Yogi Ashwiniji keeps taking his students through various experiments of energy. On one such occasion, he warned a student that the day was heavy on him energy-wise, and that he should be careful and avoid any kind of conflict or exertion. The person paying heed to the advice, decided to stay at home that day. This way he could avoid interactions and hence any kind of trouble. He was resting all through the day, when suddenly in the evening he started sweating profusely and felt extreme weakness in the body. He could not get out of bed for the following two days even though he was not suffering from any ailment or disease.
Our past, present and future is governed by the world of energy, physical attempts to alter it do not work…Let us understand this further with an episode from the life of King Parikshit.
With the end of Mahabharat, Creation stood at a turning point – the transition from Dwapar to Kaliyug. Lord Krishna had left the Creation, and with his exit, Pandavas too did not want to stay. So they passed on the kingdom to their grandson Parikshit and left for the forests.
King Parikshit was a noble ruler, virtuous, benevolent and follower of ways of Lord Vishnu. Kaliyug made several attempts to enter into his kingdom, but failed every time, for under King Parikshit’s rule, dharma was upheld. However, Creation is cyclical in nature, it starts with Satyug, and Kaliyug completes the cycle to make way for a new Satyug. So Kaliyug had to make an entry…and for it to spread itself, King Parikshit had to exit. And it happened. What is interesting is the sequence of events which made it happen, despite the King’s best efforts to avert it.
Having failed in all its attempts, Kaliyug approached King Parikshit to give him shelter in his kingdom. The King refused for he was aware of the evil ways of Kaliyug. Upon much persuasion, the benevolent King granted him shelter in alcohol, gambling and prostitution, for he did not want it to influence righteous people. Kaliyug, brimming with malice pleaded the king to give him some more space as these were already full. The King replied, “Ok, you can also stay in gold.” Kaliyug was elated and instantly hid in the crown of the King (which was of gold).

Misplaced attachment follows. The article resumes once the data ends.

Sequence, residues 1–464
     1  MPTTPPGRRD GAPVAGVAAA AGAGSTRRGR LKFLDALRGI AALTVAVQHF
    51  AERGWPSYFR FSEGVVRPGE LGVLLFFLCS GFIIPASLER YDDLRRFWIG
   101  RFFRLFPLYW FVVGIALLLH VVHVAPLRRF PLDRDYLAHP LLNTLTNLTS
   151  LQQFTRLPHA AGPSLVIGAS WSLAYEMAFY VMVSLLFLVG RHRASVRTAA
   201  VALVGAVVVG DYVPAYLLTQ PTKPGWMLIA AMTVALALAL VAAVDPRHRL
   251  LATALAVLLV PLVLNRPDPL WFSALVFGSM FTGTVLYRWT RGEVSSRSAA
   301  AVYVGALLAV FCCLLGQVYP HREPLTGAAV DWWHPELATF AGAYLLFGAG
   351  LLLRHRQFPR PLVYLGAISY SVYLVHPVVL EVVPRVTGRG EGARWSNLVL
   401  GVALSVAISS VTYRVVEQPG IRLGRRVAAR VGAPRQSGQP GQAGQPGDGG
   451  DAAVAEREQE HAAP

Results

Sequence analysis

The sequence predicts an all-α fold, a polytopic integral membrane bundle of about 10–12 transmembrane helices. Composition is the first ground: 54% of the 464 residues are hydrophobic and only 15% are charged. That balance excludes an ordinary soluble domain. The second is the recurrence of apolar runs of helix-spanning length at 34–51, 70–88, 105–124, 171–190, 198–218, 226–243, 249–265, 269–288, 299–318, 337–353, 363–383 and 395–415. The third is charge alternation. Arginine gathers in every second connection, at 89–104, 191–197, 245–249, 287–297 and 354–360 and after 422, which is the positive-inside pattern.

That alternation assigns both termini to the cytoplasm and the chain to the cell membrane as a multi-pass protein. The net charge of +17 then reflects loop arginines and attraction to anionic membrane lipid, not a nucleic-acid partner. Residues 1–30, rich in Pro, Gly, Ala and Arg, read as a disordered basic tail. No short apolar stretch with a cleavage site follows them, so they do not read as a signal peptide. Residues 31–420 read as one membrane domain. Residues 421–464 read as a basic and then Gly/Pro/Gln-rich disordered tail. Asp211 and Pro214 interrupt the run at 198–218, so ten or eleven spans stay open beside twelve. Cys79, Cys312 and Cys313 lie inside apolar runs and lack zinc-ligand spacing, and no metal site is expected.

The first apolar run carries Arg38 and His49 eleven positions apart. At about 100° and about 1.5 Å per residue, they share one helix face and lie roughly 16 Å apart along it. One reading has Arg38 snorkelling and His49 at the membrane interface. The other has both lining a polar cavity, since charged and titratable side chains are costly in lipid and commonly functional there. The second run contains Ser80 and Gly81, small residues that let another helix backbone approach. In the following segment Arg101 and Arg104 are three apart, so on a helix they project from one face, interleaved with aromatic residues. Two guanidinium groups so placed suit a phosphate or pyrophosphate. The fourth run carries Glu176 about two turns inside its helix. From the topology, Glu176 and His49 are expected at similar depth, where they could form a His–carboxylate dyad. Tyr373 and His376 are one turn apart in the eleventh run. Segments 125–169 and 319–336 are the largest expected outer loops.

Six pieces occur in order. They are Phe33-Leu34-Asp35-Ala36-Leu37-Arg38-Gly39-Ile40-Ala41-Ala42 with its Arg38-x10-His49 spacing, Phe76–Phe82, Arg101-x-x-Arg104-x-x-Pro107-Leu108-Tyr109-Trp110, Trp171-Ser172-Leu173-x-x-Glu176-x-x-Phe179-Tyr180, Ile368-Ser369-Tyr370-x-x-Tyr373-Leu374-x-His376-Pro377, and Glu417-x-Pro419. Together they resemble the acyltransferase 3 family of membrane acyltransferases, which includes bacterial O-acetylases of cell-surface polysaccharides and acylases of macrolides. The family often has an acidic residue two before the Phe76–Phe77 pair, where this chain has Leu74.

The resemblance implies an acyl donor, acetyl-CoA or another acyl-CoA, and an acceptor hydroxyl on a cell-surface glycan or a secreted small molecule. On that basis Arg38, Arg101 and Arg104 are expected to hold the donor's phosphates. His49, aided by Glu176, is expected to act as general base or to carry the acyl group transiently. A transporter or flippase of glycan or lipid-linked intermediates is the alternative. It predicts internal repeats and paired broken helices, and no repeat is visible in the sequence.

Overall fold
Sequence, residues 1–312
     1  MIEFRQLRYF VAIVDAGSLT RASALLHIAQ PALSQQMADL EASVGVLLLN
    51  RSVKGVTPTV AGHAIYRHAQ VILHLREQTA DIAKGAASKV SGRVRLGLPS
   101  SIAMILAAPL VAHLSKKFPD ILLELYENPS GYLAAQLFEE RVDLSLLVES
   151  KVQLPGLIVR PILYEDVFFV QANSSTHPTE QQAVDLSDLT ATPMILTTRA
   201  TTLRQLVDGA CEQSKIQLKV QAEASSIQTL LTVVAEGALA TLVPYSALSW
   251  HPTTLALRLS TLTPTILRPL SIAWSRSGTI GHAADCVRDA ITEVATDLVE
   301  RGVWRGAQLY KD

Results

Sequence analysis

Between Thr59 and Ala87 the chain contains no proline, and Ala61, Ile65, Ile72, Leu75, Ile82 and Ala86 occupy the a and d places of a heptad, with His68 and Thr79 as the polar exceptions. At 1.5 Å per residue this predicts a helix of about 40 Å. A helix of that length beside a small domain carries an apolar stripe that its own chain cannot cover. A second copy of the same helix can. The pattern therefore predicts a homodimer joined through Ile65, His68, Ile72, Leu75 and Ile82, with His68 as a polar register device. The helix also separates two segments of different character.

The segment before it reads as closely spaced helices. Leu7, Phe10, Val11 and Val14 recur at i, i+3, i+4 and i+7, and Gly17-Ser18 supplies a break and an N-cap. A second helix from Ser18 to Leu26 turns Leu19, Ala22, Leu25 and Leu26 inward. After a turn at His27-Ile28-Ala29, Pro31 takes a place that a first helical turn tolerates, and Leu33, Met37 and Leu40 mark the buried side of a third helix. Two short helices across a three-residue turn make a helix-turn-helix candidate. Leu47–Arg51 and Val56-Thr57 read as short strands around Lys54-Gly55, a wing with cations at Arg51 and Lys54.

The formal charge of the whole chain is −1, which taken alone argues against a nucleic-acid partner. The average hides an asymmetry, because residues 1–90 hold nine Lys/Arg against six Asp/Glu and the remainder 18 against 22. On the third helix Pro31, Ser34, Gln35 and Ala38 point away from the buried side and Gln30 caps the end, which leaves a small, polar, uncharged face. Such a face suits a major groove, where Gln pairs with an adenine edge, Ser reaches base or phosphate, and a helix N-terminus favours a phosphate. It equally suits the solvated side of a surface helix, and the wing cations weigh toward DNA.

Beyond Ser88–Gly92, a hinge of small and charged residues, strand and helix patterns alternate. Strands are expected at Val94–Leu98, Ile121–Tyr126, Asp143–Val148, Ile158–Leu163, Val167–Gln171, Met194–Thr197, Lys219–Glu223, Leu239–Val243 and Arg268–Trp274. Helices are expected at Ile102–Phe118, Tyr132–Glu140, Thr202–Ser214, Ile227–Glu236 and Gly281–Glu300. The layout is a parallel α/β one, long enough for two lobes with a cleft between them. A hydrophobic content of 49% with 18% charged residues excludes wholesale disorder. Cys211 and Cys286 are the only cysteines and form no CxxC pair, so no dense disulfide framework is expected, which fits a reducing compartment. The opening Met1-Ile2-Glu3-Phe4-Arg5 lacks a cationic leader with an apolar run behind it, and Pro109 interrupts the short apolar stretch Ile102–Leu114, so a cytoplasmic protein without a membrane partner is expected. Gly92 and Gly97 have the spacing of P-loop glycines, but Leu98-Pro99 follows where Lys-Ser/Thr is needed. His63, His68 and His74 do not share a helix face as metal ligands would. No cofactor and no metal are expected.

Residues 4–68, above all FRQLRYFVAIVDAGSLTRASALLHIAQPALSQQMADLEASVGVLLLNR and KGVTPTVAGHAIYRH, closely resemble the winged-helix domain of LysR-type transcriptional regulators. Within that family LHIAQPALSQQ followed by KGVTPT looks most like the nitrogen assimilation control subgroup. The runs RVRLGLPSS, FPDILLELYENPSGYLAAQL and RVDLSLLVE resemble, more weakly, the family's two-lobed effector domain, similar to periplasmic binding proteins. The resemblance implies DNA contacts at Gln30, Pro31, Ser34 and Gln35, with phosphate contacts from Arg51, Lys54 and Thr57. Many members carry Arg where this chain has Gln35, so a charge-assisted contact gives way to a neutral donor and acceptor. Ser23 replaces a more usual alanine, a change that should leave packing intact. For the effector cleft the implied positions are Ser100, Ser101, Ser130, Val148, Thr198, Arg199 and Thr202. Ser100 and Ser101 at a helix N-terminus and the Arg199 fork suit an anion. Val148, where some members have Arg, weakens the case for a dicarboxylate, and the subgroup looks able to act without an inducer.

Few days later, King Parikshit went on a hunting trip and wandered deep inside the forest. Consumed by hunger and thirst he reached the ashram of Shameek Rishi, who was in dhyan at the time and had taken a vow of silence. King Parikshit, who did not know this, asked him where he could find food and shelter. There was no response from the rishi. Kaliyug then whispered from the crown, “he has insulted you, punish him.” The virtuous King who could never think ill of anyone, leave alone a sage, decided to teach the rishi a lesson. He picked up a dead snake lying nearby and put it on the shoulders of the rishi. When Rishi Shameek’s son Shringi saw a dead snake on his father’s shoulder, he cursed King Parikshit to be dead himself seven days from then and that the cause of death be a snake.
King Parikshit came home shocked at his own behaviour. When he took off his crown, good sense prevailed once again and he realised his folly. Determined to stop the spread of Kaliyug by averting his death, he got a magnificent fort constructed overnight. Many warriors and Brahmins skilled in the art of repelling snakes were placed around the fort to protect the King, as were those who excelled in counteracting snake venom. Anyone who had to meet the King was scanned thoroughly. The King spent all the time in his palace surrounded by the Brahmins learned in the Vedas and other scriptures. Six days passed in this manner, with the King listening to the recitations of the Vedas and Puranas.
On the day ordained for his death, despite his best efforts to dodge death, death was served to him, literally on the plate. Takshak, a powerful serpent, was on its way to the King’s chamber. As was routine, the cooks prepared the food for the King, the same was tested for venom and covered and sent to the King’s chamber. While the guards inspected the food, no one thought of looking under it… Hidden under the plate the Takshak, crossed all the guards and made its way to the chamber. Just as all the people in his room left to let the King have his meal, the snake emerged from under the plate and bit him. King Parikshit died, and with it began the era of Kaliyug, as was ordained.
When a king of the stature of Parikshit with all the resources of the world at his disposal, could not change his niyati, then it is foolish for us, ordinary men, to harbour such fantastical notions/ideas. What has to happen, happens…nothing save your Guru can avert it, and he/she does it only when there is a strong reason behind it.